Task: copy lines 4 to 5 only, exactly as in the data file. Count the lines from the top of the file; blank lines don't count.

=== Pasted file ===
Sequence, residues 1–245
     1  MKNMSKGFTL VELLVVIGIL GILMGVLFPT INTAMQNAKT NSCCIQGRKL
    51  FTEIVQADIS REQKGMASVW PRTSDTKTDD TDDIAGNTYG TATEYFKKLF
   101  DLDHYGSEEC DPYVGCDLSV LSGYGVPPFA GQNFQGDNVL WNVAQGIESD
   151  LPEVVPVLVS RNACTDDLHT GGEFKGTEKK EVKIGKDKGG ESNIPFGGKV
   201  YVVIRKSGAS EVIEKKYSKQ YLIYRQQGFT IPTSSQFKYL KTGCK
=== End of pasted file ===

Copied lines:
   101  DLDHYGSEEC DPYVGCDLSV LSGYGVPPFA GQNFQGDNVL WNVAQGIESD
   151  LPEVVPVLVS RNACTDDLHT GGEFKGTEKK EVKIGKDKGG ESNIPFGGKV